An ice cream shop owner that has a Confederate flag and monument in front of his business said he will fight to the end to have it removed so that he can replace it with a “freedom wall.”
Tommy Daras, owner of the Edisto River Creamery, has been fighting since 2015 to have the rebel banner and a marker removed from a patch of land in front of his business, because he said it’s driving customers away. But he has been unable to because of a land dispute with the local Sons of Confederate Veterans chapter.
Fed up, he started digging around the monument on Monday, the Times and Democrat reported.
“I have donated the monument to the Sons of Confederates chapter in Santee,” Daras told the paper. “If they don’t call in a few days, then I will have to make a decision where else or who else or anyone who wants the monument. I don’t want to disgrace the monument in any way. That is why I donated it.”
The monument and the flag predate Daras’ ownership of the property. It was added when Maurice Bessinger, owner of Maurice’s Piggie Park, held the land.
Bessinger, a segregationist barbecue baron, deeded the 130 square feet of land where the flag and monument stand to the local Sons of Confederate Veterans chapter in 2005, according to the Associated Press.
Daras bought the property in May 2015, and attempted to fly the U.S. flag instead of the rebel banner. But the Sons of Confederate Veterans said they would have him arrested for trespassing on their land, the AP reported.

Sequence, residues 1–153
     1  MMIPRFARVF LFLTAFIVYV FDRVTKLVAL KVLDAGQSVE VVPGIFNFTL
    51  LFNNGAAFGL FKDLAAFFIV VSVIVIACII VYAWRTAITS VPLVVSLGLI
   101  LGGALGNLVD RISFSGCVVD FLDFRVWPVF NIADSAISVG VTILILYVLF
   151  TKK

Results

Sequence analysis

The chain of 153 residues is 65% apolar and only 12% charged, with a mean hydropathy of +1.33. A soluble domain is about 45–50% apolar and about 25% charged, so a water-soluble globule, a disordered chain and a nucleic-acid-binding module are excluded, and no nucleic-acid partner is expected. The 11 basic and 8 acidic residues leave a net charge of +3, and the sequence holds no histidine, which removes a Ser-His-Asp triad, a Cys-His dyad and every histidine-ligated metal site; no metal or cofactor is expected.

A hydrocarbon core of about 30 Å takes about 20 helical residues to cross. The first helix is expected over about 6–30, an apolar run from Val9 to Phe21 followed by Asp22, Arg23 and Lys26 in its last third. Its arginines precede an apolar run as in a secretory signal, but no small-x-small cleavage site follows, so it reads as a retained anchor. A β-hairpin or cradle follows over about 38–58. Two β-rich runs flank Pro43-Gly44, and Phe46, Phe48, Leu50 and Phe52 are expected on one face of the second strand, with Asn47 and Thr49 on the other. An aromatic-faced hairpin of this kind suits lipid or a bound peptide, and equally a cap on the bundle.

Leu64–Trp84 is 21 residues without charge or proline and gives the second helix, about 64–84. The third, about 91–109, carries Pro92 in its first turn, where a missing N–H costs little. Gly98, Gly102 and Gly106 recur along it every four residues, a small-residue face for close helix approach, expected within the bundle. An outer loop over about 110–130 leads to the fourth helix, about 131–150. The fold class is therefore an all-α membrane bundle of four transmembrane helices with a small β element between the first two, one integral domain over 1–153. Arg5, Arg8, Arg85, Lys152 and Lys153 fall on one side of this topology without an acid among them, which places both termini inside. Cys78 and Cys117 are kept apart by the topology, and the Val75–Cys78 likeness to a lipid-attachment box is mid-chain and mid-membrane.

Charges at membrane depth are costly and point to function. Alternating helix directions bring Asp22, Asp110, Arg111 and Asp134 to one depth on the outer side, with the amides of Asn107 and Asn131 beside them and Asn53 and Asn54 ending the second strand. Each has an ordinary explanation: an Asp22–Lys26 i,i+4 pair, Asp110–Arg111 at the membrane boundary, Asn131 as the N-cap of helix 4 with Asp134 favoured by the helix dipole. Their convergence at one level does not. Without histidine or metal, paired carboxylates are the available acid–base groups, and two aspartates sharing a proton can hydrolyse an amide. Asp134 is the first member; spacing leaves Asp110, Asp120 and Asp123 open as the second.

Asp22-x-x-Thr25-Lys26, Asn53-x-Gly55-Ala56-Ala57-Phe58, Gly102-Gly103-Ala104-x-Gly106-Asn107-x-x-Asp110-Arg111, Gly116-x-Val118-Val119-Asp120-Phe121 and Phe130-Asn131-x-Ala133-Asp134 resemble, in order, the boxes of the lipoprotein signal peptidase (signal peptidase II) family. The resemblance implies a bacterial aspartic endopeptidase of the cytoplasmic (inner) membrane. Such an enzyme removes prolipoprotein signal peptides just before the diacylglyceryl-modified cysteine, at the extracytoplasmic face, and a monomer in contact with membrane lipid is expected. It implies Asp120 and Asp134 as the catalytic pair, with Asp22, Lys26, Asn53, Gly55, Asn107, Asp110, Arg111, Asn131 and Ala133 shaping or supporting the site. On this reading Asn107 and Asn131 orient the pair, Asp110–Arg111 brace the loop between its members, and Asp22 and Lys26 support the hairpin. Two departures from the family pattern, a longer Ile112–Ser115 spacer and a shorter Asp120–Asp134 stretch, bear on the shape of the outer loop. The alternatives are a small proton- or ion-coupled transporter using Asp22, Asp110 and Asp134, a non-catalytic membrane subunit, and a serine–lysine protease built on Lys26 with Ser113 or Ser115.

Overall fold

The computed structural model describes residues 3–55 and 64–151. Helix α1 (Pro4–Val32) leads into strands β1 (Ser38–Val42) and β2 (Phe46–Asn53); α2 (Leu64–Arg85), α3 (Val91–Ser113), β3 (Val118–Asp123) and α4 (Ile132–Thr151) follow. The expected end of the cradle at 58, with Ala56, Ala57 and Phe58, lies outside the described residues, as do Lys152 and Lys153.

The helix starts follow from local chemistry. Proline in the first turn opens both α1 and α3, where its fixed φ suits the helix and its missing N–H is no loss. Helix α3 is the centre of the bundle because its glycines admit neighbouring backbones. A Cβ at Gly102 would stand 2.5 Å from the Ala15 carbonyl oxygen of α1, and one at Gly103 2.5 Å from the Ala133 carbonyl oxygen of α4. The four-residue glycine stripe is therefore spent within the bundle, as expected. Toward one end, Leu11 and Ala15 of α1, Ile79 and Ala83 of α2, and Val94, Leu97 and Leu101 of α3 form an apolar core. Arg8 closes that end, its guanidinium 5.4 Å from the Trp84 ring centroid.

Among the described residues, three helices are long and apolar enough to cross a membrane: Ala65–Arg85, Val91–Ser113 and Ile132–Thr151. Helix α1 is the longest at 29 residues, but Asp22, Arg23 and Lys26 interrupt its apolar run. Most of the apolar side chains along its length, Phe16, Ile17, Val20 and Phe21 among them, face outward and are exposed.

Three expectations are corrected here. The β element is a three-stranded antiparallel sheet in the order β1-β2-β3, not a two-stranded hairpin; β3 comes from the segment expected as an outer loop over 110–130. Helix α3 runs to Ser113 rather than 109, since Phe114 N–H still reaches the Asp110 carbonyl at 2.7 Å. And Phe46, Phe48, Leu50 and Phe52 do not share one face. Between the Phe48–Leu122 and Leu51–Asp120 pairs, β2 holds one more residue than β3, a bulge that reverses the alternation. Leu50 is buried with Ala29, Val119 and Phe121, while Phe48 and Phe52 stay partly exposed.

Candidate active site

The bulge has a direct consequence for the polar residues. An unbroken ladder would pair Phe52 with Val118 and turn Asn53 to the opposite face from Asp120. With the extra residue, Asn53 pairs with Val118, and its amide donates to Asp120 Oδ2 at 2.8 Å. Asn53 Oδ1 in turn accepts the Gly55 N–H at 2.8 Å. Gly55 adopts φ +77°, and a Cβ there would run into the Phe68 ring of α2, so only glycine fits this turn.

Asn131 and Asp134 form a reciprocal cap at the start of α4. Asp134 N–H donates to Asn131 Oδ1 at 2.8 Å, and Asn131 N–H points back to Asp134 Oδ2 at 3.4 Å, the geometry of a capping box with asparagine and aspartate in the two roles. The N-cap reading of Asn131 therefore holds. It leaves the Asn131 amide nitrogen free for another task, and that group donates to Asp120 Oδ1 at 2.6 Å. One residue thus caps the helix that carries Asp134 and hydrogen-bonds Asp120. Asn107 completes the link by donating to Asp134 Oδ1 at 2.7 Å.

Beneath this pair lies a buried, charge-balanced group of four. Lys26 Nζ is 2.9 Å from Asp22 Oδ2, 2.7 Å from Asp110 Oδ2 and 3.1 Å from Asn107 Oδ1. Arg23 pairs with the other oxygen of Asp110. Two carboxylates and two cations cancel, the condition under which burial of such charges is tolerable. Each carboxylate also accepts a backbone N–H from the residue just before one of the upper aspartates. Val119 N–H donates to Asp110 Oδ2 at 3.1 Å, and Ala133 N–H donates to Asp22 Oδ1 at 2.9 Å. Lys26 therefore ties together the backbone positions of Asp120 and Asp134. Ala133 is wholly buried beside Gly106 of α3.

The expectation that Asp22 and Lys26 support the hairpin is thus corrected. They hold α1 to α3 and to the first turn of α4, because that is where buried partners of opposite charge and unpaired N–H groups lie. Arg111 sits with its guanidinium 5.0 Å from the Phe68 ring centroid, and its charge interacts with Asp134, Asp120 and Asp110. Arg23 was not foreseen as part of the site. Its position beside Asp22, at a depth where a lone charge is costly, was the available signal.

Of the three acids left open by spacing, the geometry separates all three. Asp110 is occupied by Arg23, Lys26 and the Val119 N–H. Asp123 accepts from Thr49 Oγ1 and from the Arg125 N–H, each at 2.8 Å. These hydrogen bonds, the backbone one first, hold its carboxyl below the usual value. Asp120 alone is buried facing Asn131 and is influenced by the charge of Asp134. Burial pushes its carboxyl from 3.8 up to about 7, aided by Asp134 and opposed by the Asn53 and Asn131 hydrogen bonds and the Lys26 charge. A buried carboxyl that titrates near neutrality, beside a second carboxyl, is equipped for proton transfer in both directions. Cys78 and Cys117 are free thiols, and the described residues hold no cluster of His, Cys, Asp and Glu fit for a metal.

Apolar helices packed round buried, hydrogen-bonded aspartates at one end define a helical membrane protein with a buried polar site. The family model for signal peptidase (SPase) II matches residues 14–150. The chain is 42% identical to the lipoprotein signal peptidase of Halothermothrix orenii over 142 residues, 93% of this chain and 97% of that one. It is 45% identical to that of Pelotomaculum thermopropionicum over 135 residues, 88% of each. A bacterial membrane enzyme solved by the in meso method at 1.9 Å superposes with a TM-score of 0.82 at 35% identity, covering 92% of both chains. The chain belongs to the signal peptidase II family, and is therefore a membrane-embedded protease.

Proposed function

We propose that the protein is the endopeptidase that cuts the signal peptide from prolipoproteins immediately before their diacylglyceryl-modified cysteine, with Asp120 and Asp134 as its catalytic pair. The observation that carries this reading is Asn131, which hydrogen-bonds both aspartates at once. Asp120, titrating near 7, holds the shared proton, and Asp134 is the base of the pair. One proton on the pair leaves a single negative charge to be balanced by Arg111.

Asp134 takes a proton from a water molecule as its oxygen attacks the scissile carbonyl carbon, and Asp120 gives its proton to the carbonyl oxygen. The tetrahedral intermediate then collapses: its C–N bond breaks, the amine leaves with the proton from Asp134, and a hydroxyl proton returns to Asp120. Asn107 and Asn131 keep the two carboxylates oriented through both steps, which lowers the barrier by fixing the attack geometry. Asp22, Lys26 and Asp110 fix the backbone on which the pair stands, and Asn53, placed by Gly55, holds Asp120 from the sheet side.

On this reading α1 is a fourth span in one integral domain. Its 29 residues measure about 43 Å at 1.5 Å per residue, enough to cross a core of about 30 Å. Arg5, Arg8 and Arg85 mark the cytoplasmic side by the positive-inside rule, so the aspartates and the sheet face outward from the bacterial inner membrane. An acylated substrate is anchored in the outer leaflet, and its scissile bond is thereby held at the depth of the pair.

Since then, Daras has been trying to remove the flag and monument legally. He went to the Orangeburg zoning board, but its members told him that the flag didn’t break any zoning laws, according to WLTX. Now, he’s trying to remove it on his own.
The “freedom wall” Daras wants to build in place of the monument will include a 6-foot tall and 8-foot wide digital sign, according to the Times and Democrat. He also wants to replace the rebel banner with Old Glory.
But he told WLTX that the the city issued an order to stop construction on Monday.
Democratic state Rep. Justin Bamberg, who represents Daras, said that a court will have to determine who owns the property.
“People have to understand from Tommy’s viewpoint and the viewpoint of his wife and employees that there is a lot of hostility directed toward Mr. Daras and his staff that he never asked for,” Bamberg told the Times and Democrat.
Cynthia Roldán: @CynthiaRoldan